If you let me editorialize a moment, Fanni Willis should be attorney general, and Merrick Garland should still be a judge on the DC Circuit Court of Appeals. Trump’s place was searched (not raided, that’s MAGA talk) in August. A few weeks after the mid-term elections, Trump jumps into the “race” for president, and soon after, Garland plays along and grants Trump his Christmas gift. A special counsel. We were promised that the special counsel wouldn’t delay anything. It has delayed things, significantly. Jack Smith is subpoenaing more witnesses and documents, and here we go again.
Not Fanni Willis. She empaneled a special grand jury to authorize a report to the judge overseeing the district, and now she’s about to move. Want to know why? Because Willis didn’t fck around. Unlike Garland and Congress, WILLIS got Meadows deposed. She got Lindsey Graham – who has his own phone call troubles in Georgia – to testify. She stood up and got it done.
Now she could file a RICO, racketeering charges against Trump, and, according to Georgia State law professor Clark D Cunningham, Willis has done it in prior cases where it didn’t seem obvious. From The Guardian. RICO statutes in Georgia are far broader than the matching RICO statute under federal law:
“Among the things that are considered racketeering activity in the state of Georgia is knowingly and willfully making a false, fictitious or fraudulent statement or representation in any matter within the jurisdiction of any department or agency of state government,” said Clark D Cunningham, a professor of law at Georgia State University. “If you do that, you’ve committed a racketeering activity. If you attempt to do that, if you solicit someone else to do it or you coerce someone else to do it – it’s all considered racketeering under Georgia law.”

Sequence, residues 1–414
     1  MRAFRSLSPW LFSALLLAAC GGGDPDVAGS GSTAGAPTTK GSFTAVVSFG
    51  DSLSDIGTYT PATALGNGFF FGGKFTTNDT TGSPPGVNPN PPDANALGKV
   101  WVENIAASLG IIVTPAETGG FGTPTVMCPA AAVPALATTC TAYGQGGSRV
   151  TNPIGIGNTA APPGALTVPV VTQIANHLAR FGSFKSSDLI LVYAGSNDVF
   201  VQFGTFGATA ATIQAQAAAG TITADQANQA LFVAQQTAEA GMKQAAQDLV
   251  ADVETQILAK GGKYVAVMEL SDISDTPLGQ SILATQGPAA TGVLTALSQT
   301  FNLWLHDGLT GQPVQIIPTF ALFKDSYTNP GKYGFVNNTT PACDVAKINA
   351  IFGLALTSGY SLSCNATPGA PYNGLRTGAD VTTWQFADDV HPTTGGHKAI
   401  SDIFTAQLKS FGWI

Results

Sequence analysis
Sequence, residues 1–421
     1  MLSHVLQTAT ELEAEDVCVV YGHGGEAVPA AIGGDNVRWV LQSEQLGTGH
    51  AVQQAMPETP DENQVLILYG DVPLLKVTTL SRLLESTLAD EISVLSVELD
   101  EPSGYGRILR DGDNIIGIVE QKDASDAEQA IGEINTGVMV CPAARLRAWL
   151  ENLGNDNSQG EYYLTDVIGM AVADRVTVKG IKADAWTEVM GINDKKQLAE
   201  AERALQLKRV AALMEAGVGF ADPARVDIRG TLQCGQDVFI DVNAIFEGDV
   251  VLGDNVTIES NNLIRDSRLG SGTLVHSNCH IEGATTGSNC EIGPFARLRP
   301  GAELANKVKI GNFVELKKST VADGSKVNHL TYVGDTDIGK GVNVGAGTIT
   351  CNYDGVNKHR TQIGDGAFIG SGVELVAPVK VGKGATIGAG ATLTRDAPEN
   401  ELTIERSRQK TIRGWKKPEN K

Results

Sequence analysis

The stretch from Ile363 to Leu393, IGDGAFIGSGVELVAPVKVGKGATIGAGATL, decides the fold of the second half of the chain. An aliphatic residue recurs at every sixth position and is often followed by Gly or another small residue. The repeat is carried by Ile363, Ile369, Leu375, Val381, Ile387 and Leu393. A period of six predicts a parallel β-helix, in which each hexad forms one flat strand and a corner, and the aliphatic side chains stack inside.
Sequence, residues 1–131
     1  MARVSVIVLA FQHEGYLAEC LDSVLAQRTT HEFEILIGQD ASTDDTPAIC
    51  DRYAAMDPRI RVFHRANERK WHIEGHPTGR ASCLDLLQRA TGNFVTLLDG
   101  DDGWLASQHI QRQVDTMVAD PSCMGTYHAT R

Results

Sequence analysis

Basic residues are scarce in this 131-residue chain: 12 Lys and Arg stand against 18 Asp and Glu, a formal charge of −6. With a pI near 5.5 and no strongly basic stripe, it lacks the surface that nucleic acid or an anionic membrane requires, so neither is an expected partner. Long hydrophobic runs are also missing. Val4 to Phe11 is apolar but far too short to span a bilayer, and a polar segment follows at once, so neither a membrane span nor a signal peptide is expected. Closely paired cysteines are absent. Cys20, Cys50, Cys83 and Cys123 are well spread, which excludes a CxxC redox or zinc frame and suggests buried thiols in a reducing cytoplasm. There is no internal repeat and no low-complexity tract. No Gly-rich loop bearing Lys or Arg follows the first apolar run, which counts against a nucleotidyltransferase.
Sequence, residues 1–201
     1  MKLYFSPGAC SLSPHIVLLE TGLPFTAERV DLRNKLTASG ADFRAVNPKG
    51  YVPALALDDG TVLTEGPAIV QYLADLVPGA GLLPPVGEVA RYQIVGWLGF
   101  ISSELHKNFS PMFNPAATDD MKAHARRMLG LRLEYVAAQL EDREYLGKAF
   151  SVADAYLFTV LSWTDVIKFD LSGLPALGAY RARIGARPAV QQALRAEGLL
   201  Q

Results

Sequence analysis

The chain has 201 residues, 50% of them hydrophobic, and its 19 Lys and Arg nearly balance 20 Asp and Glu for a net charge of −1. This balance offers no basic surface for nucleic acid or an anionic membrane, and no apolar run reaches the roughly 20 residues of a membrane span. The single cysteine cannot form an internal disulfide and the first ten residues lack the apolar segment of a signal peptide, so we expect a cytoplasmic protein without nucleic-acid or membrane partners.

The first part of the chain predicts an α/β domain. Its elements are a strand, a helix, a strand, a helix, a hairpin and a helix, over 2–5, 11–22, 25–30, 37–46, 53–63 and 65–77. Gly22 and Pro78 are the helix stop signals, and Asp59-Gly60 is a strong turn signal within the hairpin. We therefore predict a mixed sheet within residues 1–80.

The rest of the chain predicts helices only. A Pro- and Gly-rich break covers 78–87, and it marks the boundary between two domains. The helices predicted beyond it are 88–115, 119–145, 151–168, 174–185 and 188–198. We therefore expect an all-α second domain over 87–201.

Georgia’s Rico Act, which dates back to 1980, can be used more broadly than the more strict federal Rico statute, Cunningham said. Prosecutors can bring charges under many different state and federal laws to allege a pattern of misconduct, and convictions carry a penalty of up to 20 years in prison.
And better yet? Willis has a lot of practice in this area. She has secured three high-profile prosecutions before and:
In a recent interview with the Washington Post, Willis praised the utility of Georgia’s law. I have right now more Rico indictments in the last 18 months, 20 months, than were probably done in the last 10 years out of this office,” she said.
If you think about the “pattern” of lying that Willis could establish (With only one activity needing to happen in Georgia or to a Georgia agency,), Willis herself could bring Trump down for a lot more than one phone call to Brad Raffensperger.
The RICO act in Georgia allows one to be sentenced to up to 20 years. Fanni Willis should be A.G., and Garland should be where he is more comfortable, a judge in the DC Circuit, where no one gets hurt.
[email protected], @JasonMiciak, SUBSTACK: FBI COUNTER INTELL ARREST IS LESS A PROBLEM FOR THE FBI THAN IT IS FOR TRUMP